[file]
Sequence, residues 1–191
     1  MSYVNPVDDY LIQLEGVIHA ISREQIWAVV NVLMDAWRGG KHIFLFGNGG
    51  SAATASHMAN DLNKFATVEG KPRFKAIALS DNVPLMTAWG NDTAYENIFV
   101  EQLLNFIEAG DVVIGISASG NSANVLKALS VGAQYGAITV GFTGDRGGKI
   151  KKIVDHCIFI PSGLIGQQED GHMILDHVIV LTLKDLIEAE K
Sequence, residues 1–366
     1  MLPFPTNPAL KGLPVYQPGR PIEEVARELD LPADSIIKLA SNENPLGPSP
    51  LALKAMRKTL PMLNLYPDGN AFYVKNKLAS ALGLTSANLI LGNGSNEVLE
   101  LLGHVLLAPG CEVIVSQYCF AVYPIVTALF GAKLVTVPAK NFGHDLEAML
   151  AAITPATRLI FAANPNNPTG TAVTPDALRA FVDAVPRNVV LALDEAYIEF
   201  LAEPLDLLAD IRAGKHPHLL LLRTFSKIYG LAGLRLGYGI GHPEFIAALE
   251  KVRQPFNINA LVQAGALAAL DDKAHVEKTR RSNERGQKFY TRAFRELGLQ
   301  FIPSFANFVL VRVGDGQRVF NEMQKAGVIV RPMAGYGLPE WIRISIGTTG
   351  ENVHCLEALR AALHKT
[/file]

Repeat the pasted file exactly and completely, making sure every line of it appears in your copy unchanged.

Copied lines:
Sequence, residues 1–191
     1  MSYVNPVDDY LIQLEGVIHA ISREQIWAVV NVLMDAWRGG KHIFLFGNGG
    51  SAATASHMAN DLNKFATVEG KPRFKAIALS DNVPLMTAWG NDTAYENIFV
   101  EQLLNFIEAG DVVIGISASG NSANVLKALS VGAQYGAITV GFTGDRGGKI
   151  KKIVDHCIFI PSGLIGQQED GHMILDHVIV LTLKDLIEAE K
Sequence, residues 1–366
     1  MLPFPTNPAL KGLPVYQPGR PIEEVARELD LPADSIIKLA SNENPLGPSP
    51  LALKAMRKTL PMLNLYPDGN AFYVKNKLAS ALGLTSANLI LGNGSNEVLE
   101  LLGHVLLAPG CEVIVSQYCF AVYPIVTALF GAKLVTVPAK NFGHDLEAML
   151  AAITPATRLI FAANPNNPTG TAVTPDALRA FVDAVPRNVV LALDEAYIEF
   201  LAEPLDLLAD IRAGKHPHLL LLRTFSKIYG LAGLRLGYGI GHPEFIAALE
   251  KVRQPFNINA LVQAGALAAL DDKAHVEKTR RSNERGQKFY TRAFRELGLQ
   301  FIPSFANFVL VRVGDGQRVF NEMQKAGVIV RPMAGYGLPE WIRISIGTTG
   351  ENVHCLEALR AALHKT